With regards to saving ourselves from Brexit, I think the best we can expect by March is the transitional “holding pen” status for Scotland which the EU was talking about merely hours after the Brexit Referendum result was known. Our European interests will be cocooned in a steady holding pattern until we formally extricate ourselves from the defunct UK.

    Sorry to disappoint, but I don’t believe it will be EFTA Membership. I don’t even think it will even resemble EFTA. It will be exactly what it says on the tin – transitional status in lieu of full EU Membership for Scotland once formally emancipated from the UK. It will set its own precedent, as it properly should.

    The objective within reach might not be salvation through Scottish Independence by March next year, but the safe harbour in the interim of a disputed UK Sovereignty where the EU and International community at the very least recognises the Scottish Government as a sovereign Interlocutor. The Treaty of Union may be dead, and the dissolution of the UK inevitable, but I fear that is all we might achieve in the timescale we are left with.

    It should not come as any surprise that I harbour disagreements with the Scottish Government’s somewhat anaemic and enigmatic strategy which has brought us here, but such grievances are academic. We are where we are. We must try to be confident…. the end game is about to begin.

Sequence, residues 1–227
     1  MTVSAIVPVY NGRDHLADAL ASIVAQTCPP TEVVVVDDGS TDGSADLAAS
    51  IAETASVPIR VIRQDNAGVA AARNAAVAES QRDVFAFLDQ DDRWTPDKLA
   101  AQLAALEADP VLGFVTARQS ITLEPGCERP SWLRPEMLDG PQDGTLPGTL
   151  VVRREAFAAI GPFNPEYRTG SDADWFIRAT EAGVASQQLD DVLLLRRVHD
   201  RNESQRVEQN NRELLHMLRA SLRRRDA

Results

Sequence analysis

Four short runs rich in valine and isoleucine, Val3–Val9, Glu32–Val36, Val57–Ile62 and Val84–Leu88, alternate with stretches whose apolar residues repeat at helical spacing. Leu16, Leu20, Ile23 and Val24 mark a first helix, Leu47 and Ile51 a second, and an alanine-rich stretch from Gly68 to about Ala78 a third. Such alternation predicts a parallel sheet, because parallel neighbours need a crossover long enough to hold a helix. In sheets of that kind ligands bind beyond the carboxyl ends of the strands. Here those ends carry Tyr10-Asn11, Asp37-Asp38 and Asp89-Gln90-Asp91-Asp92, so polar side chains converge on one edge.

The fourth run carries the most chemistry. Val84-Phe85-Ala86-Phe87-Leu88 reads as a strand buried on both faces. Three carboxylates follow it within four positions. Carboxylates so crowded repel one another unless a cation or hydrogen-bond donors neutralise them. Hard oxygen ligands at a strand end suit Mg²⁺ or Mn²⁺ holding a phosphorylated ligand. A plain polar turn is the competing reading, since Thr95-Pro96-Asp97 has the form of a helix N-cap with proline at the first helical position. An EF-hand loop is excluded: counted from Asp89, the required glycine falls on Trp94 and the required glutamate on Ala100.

98. Breeks says:

    And just to comment ON topic, just to prove I occasionally can, I am not going to lose sleep about these five individuals facing prosecution.

    I acknowledge and respect the concern that such prosecutions would represent an erosion of civil liberties and curtail a person’s right to be an embicile, but I don’t believe that is true. I know an undergraduate in Law who destroyed his professional career before it even began through an isolated act of drunken stupidity which hurt nobody. I know of businesses which have been forced into liquidation and lives destroyed by the criminal indifference of the state, not the company. Zero f__ks were given about actual justice.

    There are a lot of good people who have their reputation and character casually destroyed by the existing law of the land in all its frailties. In the great list of judicial injustice, these five low-lifes barely register I’m afraid.